I never did tell my casuals that I could not close up shop and go on strike with them. I’d have been breaking the law, our licence required the “Wet” to open whether I liked it or not, and not only that Poone Bros had nothing whatsoever to do with Goldsworthy Mining, and whatever Goldsworthy wanted to do was their business; but they were convinced that if and when they went on strike I’d be standing up right there with them.
Here in a not so sunny Australia today it’s the 1st day of December 2013, and being simple folk we celebrate the first day of summer on this day.
Why wait for an equinox or solstice to welcome the changes of season? Get it over and done with; what’s the point in waiting for three weeks into a month before changing, just because the Sun won’t change its schedule doesn’t mean we can’t adjust ours, does it?
Now that I’ve got that rubbish off my chest I’ll let on why I wrote it. Currently it is 11.00am Sunday the 1st of December here; in New York, USA it’s according, to my calculations. 7.00pm (19.00 hrs) Saturday 20th November and in San Francisco, USA its 4.00pm (16.00Hrs) Saturday 20th November 2013.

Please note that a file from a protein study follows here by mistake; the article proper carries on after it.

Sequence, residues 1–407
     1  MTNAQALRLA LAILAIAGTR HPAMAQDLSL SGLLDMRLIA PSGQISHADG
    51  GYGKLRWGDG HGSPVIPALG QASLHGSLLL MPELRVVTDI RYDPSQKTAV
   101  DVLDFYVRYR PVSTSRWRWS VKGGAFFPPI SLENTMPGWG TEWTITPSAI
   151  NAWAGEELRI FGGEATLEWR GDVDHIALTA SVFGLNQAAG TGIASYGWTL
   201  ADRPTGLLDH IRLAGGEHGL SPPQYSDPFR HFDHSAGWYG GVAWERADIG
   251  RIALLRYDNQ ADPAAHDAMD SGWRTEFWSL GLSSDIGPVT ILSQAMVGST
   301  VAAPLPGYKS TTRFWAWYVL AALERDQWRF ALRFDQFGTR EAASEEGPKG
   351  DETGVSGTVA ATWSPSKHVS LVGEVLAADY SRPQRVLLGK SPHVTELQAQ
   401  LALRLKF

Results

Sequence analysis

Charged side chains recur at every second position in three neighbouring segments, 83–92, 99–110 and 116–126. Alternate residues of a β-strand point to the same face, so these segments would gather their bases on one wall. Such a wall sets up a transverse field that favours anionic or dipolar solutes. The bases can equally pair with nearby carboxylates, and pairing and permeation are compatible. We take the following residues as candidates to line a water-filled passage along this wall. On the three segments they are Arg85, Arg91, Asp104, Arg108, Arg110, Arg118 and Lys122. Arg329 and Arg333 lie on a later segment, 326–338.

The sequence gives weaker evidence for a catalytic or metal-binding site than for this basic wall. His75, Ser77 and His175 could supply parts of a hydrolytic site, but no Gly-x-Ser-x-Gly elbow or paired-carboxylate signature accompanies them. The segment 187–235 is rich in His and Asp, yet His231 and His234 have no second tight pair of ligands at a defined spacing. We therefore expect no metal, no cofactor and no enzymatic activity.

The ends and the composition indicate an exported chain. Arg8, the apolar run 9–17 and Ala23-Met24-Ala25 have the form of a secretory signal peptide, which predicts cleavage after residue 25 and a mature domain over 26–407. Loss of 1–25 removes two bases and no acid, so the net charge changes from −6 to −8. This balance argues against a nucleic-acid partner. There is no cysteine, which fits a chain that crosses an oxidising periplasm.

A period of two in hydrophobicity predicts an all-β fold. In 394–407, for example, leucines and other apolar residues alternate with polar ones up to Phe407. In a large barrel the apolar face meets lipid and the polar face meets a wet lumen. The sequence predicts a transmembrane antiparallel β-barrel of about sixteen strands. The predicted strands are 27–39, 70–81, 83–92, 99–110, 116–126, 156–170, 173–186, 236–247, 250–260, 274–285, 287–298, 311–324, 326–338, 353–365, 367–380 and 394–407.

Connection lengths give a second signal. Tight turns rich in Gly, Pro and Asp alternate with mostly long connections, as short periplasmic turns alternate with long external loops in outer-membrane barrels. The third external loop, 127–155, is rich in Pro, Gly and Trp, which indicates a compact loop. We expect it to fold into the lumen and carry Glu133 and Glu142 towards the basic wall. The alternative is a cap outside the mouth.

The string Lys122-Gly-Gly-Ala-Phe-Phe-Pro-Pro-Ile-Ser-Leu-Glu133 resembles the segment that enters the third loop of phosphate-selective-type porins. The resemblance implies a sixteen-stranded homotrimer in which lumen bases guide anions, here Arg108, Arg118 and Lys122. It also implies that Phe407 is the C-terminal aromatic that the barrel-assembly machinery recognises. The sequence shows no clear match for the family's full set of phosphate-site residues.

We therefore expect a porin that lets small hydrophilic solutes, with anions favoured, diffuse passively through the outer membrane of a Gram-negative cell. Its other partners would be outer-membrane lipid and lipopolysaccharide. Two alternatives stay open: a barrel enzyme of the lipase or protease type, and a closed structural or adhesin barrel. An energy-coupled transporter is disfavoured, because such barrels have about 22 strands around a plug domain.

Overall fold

Why do I tell you this nonsense?
NaBloPoMo will finish in the USA at midnight either on the west coast or the east, so when I hit the “Post” button and post this it will be my last post in US time. Does that make sense?
My first post in this NaBloPoMo was made on the 2nd November Sydney time, 1st November US time and I reckon that I’ve succeeded in posting one blog a day for the month of November; which was the challenge.
Anybody wishing to dispute this it will be swords at dawn on Newport Beach, that’s Newport NSW not Rhode Island of California.
Those wishing to give me their heartiest congratulations, please feel free to do so and the more laudatory the better.
When I first started to bore you to tears with my reminiscence of Shay Gap I told how ‘Paddy’ my predecessor was pulling around 4 a week and was slopping bucket loads of spillage down the gurgler, but the company didn’t care they were happy with the figures he was giving them; in a way this meant a problem for me.